Photographer Mark Bennington’s new series entitled “America 2.0,” features the photos and stories of Muslim young adults in living New York City. According to a talk Bennington had with The Huffington Post, Bennington said, “these young people [in the photographs] are a crucial contingent of the next generation of American leaders ― and their stories need to be heard.”
Mosammet, 17, Brooklyn Tech High School: “We are a nation of immigrants. I do not accept someone who calls my fellow brothers and sisters of color ‘murderers and thieves’. I do not accept someone who utilizes fear mongering to turn half the country against the rest. I will not stand my mother or my sisters being forced to remove their hijab and I will not stand my father and brother being called ‘terrorists’. I LOVE LIFE, but as an American citizen, I have never been so disappointed in America.”
“Now more than ever, we, as the American public, are faced with images and propaganda of ‘the other’ – be it Muslims, Mexican immigrants, the African-American community, the LGBTQ community, the list goes on,” Bennington told The Huffington Post in an email. “I found this to be a crucial time to start a project that focused on the everyday – what do ordinary lives and aspirations look like?”
Shahid & Hanzalah, 18 & 20, College students (Information Security & Android Development): “So, we met initially back in Brooklyn Tech High School at the MIST Club (Muslim Interscholastic Tournament- a state/ national level tournament where Muslim high school students compete in 40 different competitions ranging from debate and improv, to spoken word). We were talking about software engineering and complaining about teachers, term projects, etc. At first I was thinking, ‘Ahhh, a mini me! I’ll take him under my wing!’, but then the more we hung out, the more it became clear that I was usually the one who needed more help between the two of us. Nowadays, Shahid is the kind of guy I’ll message at 2 am with some strange insomnia induced epiphany and he’ll take 2 seconds to tell me the massively obvious hole in my logic and tell me to go to sleep. I’m amazed we’ve known each other for so many years because in many ways it still feels like we only recently met- there’s a timelessness to it and honestly, it feels more like family.”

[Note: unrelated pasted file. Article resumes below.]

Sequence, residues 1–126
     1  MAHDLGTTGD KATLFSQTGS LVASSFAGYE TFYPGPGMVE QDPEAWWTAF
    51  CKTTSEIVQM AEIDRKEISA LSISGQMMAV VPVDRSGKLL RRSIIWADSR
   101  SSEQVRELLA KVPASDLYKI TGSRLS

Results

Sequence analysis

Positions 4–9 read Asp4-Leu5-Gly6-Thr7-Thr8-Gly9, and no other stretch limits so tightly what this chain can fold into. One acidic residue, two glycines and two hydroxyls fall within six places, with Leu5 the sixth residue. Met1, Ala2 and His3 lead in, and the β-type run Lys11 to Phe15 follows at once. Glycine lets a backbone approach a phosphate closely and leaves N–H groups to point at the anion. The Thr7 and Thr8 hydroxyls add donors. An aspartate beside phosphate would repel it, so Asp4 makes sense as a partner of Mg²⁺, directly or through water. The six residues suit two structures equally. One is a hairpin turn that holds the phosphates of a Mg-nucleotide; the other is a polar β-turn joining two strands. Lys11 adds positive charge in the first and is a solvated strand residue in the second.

Photo/ Mark Bennington
The series was shot from July to October asking each of his subjects questions about their daily lives—school, friends, dating and more—with the conversation inevitably turning to one of identity and the rhetoric of the political elections.
Helda, 29, full time student at Rutgers University majoring in Public Health and works full time as a Healthcare coordinator: “So you have Muslim religion and Muslim culture. The thing with our religion and culture is that they are so intertwined. People mistake a lot of culture things to be religious and they’re not.” Photo/ Mark Bennington